Who could have predicted that the editorial skills and perspectives I honed as a senior in college would find their way into a 40-year body of work where I have explored ideas, mediated between various points of view, expressed deeply-held convictions, provided others with a forum to express their ideas and tell their stories, and advocated for peace and justice? I certainly couldn’t have predicted where I would end up, but it’s satisfying to see that as a very young and generally naive college student, I was well on my way to finding my voice.

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Adventures in Advocacy

In January, I wrote about my “existential crisis,” and mused about several things causing that crisis, including the tension between choosing to speak out on public policy matters and choosing to “go about the ordinary routines of my life, committed even more to being kind and compassionate.” It’s a choice between two different kinds of advocacy: speaking truth to power and asking the powerful to act in ways that help rather than hurt people who are the most vulnerable, or acting in more personal and direct ways. In some ways, the more personal acts of kindness, compassion, and generosity are easier, more satisfying, and might produce quicker results, but the systemic nature of injustice (racism, inequality, sexism, etc.) seems to require something different to create structural and lasting change. I believe both kinds of advocacy are needed, and that it is important to act out my beliefs both personally and publicly.

At the beginning of a presidency that I find disturbing on many levels (no news to anyone who has been reading this blog for the past year and a half), I’ve been engaging in more public advocacy than has been my custom. This past week, that took three forms: I wrote letters/emails; I visited Scott Perry, my U. S. representative, in his local office; and I attended his town hall meeting.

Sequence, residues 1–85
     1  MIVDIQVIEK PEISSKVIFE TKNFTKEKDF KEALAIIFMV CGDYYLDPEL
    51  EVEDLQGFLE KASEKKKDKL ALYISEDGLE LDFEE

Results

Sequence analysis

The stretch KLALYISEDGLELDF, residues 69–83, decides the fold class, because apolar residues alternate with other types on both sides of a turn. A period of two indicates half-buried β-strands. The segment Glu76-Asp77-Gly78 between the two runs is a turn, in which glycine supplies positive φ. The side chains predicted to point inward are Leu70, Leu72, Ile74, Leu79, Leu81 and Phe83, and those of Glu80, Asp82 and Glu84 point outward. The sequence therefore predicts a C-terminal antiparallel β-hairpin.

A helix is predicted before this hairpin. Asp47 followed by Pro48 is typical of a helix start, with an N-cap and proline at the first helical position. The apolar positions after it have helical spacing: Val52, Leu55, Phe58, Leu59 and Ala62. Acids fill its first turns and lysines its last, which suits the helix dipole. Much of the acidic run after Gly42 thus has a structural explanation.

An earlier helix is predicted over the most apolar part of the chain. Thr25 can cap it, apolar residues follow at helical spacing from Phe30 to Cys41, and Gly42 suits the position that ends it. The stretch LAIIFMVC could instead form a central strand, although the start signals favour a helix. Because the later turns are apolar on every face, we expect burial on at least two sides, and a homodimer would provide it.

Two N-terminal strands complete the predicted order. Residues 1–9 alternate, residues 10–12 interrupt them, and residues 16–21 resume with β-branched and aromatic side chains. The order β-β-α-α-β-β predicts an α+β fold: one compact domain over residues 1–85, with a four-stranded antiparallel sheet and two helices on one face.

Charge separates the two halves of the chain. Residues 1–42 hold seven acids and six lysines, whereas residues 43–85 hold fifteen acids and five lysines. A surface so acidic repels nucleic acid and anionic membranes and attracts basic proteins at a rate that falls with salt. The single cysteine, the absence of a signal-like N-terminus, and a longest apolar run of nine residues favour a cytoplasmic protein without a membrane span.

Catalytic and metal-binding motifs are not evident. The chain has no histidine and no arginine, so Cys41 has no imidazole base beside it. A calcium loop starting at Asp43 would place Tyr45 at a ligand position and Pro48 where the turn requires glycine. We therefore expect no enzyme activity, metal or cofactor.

The office visit: Dale and I went with four other people to meet with Scott Perry. We were scheduled for 30 minutes, and ended up having about 40 minutes with him. Our main goal was to introduce ourselves and hear a little about what he considered his legislative priorities, in the hope of beginning to establish a relationship with him for future meetings on more substantive issues. Time went went by VERY quickly, the conversation was congenial and nonconfrontational, and I hope we laid the foundation for future conversations.

The town hall: When Dale and I learned that Perry had scheduled a town hall meeting, we immediately registered, and took a friend with us. To get in to the meeting, we had to show our tickets and a photo ID to make sure that only residents of his district attended. At least 400 people came, but the venue was not full, even though all the tickets were reportedly gone in three hours and there was a wait-list of about 500. Apparently some who had registered were not able or chose not to come after all (there were some weather concerns). Neither Dale nor I had ever attended a town hall before, so this was a new experience, and probably not at all like town halls in the past when 20-40 people would show up, if that many. Clearly, there is a lot more energy for these things right now!